Life provides men with an endless supply of things to get angry about. There’s the sullen waitress who refuses to look in your direction while you wave desperately for the check. There’s the oaf who drifts across the road without ever using his blinker. There’s the dropped call, the tepid shower, the gum on the bottom of the shoe.
While it’s perfectly natural to get angry about any of these things, anger comes to some men more naturally than others. For the hot-tempered, the pettiest annoyance results in out-of-control anger. And some guys, despite the fact anger is listed among the deadly sins, genuinely like having a hot temper. It can be a source of pride and a badge of masculinity. Even if you’re not busting heads every weekend at a roadhouse, you might enjoy indulging your angry side. You might feel that anger helps you succeed and inspires respect.
Among Bill Clinton's post-White House ventures, one of the more striking is his campaign to reverse trends in childhood obesity. It's been remarkable for its ambition, and for the scope of its potential benefits. But perhaps most of all, it's been remarkable to see someone of Clinton's typically diet-oblivious gender speak publicly about laying off the cheeseburgers.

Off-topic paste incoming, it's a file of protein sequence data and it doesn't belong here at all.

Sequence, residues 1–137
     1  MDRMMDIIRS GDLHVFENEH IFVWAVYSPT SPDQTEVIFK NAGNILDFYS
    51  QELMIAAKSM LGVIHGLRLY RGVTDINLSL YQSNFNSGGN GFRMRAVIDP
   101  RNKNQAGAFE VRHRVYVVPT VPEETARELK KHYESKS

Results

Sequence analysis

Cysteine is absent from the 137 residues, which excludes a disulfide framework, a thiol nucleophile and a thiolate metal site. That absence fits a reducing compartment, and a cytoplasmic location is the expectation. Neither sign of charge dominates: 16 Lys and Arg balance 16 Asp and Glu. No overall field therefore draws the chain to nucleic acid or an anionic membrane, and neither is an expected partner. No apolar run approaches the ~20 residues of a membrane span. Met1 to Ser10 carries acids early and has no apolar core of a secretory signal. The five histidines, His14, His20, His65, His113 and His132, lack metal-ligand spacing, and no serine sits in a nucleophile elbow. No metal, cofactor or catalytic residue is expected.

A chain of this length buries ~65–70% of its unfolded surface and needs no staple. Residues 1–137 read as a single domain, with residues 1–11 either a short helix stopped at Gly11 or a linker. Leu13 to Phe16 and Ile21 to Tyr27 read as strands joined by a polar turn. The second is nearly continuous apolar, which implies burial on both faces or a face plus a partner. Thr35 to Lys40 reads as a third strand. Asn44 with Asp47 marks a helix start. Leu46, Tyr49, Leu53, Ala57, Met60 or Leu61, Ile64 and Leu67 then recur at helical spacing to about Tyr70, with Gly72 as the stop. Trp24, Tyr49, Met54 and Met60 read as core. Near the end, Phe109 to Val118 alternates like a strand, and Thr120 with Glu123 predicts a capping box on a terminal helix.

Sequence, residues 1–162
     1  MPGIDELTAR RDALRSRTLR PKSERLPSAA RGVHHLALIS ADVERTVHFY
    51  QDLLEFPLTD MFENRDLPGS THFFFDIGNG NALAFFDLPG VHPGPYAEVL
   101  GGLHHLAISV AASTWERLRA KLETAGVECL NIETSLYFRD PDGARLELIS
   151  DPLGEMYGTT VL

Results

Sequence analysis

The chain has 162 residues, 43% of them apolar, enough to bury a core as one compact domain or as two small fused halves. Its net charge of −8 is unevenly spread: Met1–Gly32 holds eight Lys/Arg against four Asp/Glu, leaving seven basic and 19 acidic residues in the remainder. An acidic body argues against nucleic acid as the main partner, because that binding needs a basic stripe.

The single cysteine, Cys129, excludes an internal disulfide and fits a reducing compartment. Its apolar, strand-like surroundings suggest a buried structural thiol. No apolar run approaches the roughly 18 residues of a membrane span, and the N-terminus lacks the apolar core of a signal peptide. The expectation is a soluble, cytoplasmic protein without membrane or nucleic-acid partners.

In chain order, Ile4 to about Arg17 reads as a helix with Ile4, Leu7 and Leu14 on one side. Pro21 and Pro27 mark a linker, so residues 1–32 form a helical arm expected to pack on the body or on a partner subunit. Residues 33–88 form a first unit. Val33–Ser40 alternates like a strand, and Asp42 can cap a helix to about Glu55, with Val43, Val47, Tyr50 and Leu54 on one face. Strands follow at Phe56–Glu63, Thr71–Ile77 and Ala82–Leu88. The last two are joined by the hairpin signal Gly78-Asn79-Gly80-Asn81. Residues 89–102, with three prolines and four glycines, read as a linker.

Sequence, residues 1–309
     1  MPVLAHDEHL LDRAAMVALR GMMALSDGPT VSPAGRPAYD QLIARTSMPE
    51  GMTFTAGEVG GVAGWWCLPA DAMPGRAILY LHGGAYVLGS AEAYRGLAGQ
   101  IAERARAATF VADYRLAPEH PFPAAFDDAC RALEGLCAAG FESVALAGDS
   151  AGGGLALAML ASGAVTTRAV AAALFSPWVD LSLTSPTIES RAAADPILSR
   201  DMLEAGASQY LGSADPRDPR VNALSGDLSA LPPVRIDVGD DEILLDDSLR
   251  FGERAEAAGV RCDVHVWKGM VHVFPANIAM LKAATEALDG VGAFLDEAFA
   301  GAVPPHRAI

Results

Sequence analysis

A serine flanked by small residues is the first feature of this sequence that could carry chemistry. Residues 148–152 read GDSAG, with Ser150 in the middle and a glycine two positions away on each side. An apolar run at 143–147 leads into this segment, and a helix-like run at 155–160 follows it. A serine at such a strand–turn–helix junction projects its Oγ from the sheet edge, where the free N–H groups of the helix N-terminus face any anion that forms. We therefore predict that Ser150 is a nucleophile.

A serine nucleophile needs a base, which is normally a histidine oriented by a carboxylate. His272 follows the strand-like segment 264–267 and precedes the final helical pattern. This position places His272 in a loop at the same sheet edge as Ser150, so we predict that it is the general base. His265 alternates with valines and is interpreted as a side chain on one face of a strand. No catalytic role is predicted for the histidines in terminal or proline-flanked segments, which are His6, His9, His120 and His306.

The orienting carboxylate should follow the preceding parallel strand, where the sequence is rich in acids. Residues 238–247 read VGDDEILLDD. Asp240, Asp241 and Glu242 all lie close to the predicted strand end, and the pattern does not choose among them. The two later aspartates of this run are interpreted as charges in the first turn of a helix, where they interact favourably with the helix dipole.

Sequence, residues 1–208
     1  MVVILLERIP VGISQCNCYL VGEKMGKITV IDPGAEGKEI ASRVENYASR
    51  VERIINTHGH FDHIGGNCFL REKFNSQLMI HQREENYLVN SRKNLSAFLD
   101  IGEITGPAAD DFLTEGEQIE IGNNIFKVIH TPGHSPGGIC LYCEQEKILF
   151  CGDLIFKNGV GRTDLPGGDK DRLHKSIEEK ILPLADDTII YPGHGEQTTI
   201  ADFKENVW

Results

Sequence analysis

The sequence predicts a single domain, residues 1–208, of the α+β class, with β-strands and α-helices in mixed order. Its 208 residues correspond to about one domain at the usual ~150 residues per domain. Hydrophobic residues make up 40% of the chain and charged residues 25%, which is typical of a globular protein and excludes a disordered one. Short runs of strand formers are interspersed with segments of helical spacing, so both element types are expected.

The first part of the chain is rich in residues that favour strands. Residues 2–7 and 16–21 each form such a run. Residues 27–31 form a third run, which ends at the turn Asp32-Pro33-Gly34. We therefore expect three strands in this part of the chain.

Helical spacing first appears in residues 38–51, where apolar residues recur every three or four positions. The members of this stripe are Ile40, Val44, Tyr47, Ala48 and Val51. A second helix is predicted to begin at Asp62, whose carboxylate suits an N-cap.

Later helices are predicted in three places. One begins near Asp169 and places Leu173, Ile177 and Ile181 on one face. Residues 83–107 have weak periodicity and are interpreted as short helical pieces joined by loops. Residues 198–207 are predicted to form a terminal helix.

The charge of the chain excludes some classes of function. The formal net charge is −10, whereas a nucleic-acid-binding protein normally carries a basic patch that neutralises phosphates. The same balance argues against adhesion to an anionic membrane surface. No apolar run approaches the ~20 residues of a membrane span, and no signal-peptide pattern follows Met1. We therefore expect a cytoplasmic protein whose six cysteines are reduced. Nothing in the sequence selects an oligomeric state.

But there’s a downside to the manful, short-fused Type A personality. “In researching people with this disposition, we found that anger and hostility may actually be lethal,” says Charles D. Spielberger, PhD, a distinguished research professor of psychology at the University of South Florida who’s been studying anger for 25 years. And he means lethal to the person who gets angry, not the one on the receiving end of the anger. The evidence that anger can detract from your health is mounting all the time. And of course, uncontrolled anger in men can leave your marriage and your career — not to mention your crockery — in pieces.
So what is this emotion that we all share but rarely think about? How do we know if our anger is out of control — and what is it doing to us?
Is anger just an emotion? While we think of it that way, it’s really much more. “Anger is both psychological and physiological,” Spielberger tells WebMD. When you lose control of your anger during a traffic jam or at your son’s soccer game, your nervous system triggers a number of biological reactions: